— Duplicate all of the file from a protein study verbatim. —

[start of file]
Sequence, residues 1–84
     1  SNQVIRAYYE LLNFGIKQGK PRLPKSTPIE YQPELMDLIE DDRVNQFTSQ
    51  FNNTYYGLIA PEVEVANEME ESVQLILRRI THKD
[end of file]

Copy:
Sequence, residues 1–84
     1  SNQVIRAYYE LLNFGIKQGK PRLPKSTPIE YQPELMDLIE DDRVNQFTSQ
    51  FNNTYYGLIA PEVEVANEME ESVQLILRRI THKD